2 Timothy 4:3-5 For the time is coming when people will not endure sound teaching, but having itching ears they will accumulate for themselves teachers to suit their own passions, and will turn away from listening to the truth and wander off into myths. As for you, always be sober-minded, endure suffering, do the work of the evangelist, fulfill your ministry.

Maybe we are talking about believers who no longer want to be bothered by all the trouble that the gospel brings. Afterall, the community at large is offended by the full force of the gospel, is it not? On the other hand, perhaps our churches have become populated by those who are of this world and who stifle the gospel.

2 Corinthians 4:1-4 Therefore, having this ministry by the mercy of God, we do not lose heart. But we have renounced disgraceful, underhanded ways. We refuse to practice cunning or to tamper with God’s word, but by the open statement of truth we would commend ourselves to everyone’s conscience in the sight of God. And even if our gospel is veiled, it is veiled to those who are perishing. In their case the god of this world has blinded the minds of unbelievers, to keep them from seeing the light of the gospel of the glory of Christ, who is the image of God.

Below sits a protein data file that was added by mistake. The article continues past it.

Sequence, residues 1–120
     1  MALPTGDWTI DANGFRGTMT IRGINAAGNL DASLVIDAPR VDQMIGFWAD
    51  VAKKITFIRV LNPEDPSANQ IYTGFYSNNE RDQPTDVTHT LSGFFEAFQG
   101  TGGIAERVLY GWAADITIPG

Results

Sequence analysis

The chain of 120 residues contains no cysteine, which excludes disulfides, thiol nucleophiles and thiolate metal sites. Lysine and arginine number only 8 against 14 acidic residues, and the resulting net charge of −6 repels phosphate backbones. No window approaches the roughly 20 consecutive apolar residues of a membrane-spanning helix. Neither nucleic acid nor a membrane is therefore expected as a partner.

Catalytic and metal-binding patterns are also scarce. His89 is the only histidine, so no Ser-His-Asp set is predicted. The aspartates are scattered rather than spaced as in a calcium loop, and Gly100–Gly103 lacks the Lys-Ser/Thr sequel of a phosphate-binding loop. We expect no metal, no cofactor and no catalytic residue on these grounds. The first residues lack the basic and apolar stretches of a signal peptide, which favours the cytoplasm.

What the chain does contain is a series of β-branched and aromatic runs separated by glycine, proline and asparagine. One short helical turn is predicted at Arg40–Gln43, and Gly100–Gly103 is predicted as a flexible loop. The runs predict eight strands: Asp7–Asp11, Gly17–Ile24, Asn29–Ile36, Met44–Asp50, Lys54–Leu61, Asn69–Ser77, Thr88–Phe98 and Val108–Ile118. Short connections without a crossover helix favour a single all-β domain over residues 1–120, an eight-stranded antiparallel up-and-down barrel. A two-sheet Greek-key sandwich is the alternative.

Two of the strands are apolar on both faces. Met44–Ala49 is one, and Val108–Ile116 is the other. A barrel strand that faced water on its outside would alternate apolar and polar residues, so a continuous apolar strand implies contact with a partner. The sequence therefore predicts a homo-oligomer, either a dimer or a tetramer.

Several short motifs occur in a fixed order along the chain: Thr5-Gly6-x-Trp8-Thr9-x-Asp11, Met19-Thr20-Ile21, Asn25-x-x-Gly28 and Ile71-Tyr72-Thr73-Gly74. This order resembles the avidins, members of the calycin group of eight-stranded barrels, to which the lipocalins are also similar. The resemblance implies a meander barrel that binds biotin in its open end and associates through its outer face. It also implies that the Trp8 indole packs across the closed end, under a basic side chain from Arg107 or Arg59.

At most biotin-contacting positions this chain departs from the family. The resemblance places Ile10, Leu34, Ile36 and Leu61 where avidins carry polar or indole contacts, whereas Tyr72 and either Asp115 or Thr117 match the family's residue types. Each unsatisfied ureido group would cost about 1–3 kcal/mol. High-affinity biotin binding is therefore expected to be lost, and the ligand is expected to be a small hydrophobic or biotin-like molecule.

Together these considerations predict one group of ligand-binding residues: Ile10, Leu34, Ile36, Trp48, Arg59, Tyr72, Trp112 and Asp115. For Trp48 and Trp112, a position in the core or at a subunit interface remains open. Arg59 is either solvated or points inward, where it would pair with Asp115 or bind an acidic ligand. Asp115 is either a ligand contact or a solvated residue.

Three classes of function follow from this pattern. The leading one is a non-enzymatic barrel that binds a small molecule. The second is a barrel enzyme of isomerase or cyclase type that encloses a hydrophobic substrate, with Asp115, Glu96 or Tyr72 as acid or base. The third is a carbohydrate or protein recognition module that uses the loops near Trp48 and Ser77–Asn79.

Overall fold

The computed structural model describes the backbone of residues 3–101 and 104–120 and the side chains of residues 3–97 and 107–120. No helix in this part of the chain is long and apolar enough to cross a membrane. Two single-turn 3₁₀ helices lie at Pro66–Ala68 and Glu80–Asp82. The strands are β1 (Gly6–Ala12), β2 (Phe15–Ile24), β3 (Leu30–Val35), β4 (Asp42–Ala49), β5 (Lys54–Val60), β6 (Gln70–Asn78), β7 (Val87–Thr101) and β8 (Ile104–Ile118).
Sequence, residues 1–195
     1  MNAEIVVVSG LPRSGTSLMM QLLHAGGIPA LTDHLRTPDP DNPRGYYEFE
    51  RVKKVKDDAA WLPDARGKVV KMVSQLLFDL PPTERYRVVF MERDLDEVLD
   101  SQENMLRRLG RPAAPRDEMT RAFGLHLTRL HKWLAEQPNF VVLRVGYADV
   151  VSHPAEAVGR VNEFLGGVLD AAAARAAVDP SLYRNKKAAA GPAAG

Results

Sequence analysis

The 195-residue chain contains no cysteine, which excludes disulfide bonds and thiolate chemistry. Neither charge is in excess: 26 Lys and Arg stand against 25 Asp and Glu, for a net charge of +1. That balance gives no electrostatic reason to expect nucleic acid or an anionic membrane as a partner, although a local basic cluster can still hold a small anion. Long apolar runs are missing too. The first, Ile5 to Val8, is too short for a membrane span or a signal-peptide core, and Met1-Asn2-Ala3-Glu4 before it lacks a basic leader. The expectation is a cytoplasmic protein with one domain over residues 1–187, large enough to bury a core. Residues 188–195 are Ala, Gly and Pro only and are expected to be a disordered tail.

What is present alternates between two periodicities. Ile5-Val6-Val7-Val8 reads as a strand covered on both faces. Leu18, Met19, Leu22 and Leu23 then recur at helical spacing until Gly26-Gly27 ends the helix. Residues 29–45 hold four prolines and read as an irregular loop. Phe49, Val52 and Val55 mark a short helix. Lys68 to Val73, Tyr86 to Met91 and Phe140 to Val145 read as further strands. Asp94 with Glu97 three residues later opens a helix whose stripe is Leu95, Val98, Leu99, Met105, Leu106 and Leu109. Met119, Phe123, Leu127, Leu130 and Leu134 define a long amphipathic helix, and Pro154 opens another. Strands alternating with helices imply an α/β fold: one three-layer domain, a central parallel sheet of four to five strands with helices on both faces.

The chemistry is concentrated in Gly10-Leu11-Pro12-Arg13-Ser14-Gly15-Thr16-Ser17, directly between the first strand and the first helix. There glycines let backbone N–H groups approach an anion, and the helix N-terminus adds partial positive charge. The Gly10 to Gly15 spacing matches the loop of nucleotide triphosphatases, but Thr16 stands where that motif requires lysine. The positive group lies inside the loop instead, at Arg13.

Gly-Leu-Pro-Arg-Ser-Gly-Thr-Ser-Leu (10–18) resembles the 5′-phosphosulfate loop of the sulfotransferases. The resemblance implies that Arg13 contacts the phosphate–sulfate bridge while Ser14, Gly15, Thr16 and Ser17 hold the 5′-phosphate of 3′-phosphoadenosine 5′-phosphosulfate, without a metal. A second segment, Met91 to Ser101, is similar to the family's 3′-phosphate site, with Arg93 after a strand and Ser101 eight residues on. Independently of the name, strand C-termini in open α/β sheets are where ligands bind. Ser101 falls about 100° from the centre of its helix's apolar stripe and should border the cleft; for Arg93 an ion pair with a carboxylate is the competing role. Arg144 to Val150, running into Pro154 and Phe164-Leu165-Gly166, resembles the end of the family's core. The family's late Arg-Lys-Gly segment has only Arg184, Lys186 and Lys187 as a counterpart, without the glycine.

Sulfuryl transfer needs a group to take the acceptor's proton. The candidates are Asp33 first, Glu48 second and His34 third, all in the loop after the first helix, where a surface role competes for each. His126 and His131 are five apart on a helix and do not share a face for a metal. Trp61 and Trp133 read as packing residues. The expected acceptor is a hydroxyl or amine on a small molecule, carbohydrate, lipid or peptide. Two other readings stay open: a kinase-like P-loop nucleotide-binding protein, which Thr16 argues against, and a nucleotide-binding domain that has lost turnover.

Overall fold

What might be the implications of this? The full gospel will drive out unbelievers. (Gasp!) Is that a bad thing? You tell me. If the number of unbelievers gets too large, the gospel will be driven from the building. Will it not? This gets to the heart of salvation. Who chooses whom? If the eyes of the unbelievers are blind, as Paul says, then the gospel will further harden their hearts UNLESS God himself chooses to soften them.

That’s God’s business to decide who will or who will not be saved. But, I ask you, are you willing to let your church become overpowered by people who won’t tolerate listening to the full counsel of the gospel so that it is effectually driven out? You will tell if that happens by the fruit.

How’s the fishing in your pond?

Here’s the link to Francis Chan’s video: https://youtu.be/bnxdk9SZUqw

Father, Wow! Fire up your church! Amen!

Copyright © 2019 Scott Powers